“But isn’t it just a rock?” If we’re gonna get technical about it, Uluru is a sandstone monolith which is defined as a single giant rock. But places like this don’t fall within dictionary definitions—not when there are 500 million years of geological history and 60,000 years of First Nations culture to uncover.
I recently returned from Intrepid’s Best of Uluru & Kings Canyon trip with self-proclaimed lawyer-turned-funtrepreneur Sarah Davidson – aka Spoonful of Sarah. Sarah’s most recent Intrepid adventures were to Antarctica, Morocco and Egypt, so this trip was much closer to home. (Australia’s massive, so when I say ‘closer’, I mean there’s *only* 2,300 kilometres between Melbourne and Uluru.) But sometimes exploring your own backyard is just as, if not more, eye-opening than jetting off to far-flung destinations.
I sat down with Sarah to chat about her experience travelling to the heart of Australia.
You’ve done a fair bit of global travel, so what made you choose the Red Centre?
I’ve had the privilege of doing loads of global travel, but I realised I’ve not spent nearly enough time exploring our incredible country. I had the attitude that Australia will always be here, and I can see it whenever. Domestic travel was the only option for a little while during the pandemic, and it was a big wake-up call to what’s on our doorstep. It’s so beautiful and diverse, and we’re missing a huge opportunity by jetting off overseas.
My identity beforehand was very much Melbournian, and the more domestic travel I do, particularly to places like the Red Centre with deep historical and cultural significance, the more I understand and appreciate what it means to be Australian.
Why hadn’t you been to Uluru until recently?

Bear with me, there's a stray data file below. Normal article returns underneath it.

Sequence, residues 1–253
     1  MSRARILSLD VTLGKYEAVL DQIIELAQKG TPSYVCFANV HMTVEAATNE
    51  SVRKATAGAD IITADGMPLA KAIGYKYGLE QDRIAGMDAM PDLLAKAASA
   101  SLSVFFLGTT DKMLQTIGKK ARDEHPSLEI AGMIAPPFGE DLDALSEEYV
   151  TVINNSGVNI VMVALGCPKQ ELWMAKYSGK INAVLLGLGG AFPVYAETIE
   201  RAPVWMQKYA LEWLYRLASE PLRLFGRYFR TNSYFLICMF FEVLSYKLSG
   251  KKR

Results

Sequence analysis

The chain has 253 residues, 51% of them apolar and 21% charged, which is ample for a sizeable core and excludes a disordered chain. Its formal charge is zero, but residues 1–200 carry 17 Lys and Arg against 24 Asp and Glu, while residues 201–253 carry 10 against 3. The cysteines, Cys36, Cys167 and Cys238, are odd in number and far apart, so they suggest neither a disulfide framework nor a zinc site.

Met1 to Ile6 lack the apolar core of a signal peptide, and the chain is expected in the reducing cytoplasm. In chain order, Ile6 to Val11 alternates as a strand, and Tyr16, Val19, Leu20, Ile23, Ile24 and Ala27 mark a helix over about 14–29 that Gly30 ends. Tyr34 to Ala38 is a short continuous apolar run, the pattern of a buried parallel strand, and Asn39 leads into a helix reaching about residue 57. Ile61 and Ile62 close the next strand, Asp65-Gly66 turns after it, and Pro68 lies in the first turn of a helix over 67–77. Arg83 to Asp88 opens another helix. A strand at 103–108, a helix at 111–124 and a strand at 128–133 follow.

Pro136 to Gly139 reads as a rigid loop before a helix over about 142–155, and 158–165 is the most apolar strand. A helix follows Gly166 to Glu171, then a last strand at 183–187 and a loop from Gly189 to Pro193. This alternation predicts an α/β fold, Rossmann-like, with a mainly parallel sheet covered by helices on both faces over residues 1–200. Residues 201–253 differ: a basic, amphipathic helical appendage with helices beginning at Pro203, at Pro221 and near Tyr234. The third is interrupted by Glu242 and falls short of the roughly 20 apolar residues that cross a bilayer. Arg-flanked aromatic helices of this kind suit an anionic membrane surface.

I kept saying I would do it later, but that’s a non-productive way to approach travel (and life in general). I’d been to the Northern Territory before and I always thought I could go via Uluru, as if it was just a short train ride away. Every time I’d been close, I was still so far away that I would’ve only been able to do it in a cursory way. It’s easy to forget how big Australia is!
The last time I was in Alice Springs, I decided I would plan a dedicated trip to Uluru to give it the credit, appreciation and headspace it deserved. While it’s possible to fly in and out for a day or two, I wanted a deeper experience.
What was it like seeing Uluru for the first time?
I was awestruck. I literally had to catch my breath. There are a lot of beautiful places that are grand in scale, but then there are places that are magnetically or energetically different – and Uluru’s one of them. I felt quite emotional thinking about the all-knowingness of it and the things it must’ve witnessed throughout history.
Photos can’t capture the scale and how it feels to be there. They’re often focused on Uluru itself, but if you zoomed out, you’d see the surrounding terrain is completely flat aside from the neighbouring (and equally impressive) Kata Tjuta—a collection of 36 giant rock domes which are even wider and taller than Uluru. I remember thinking, “How on earth did this gigantic thing get here, and how does it happen to be in the geographical heart of Australia?!” It’s mind-boggling. Driving to Uluru from Alice Springs also made me more aware of how random it is.
I’ve got a photo of people standing at the base like ants with Uluru towering into the heavens above them; I don’t think anyone can experience this and not feel amazed.
What were some of your highlights of the Red Centre?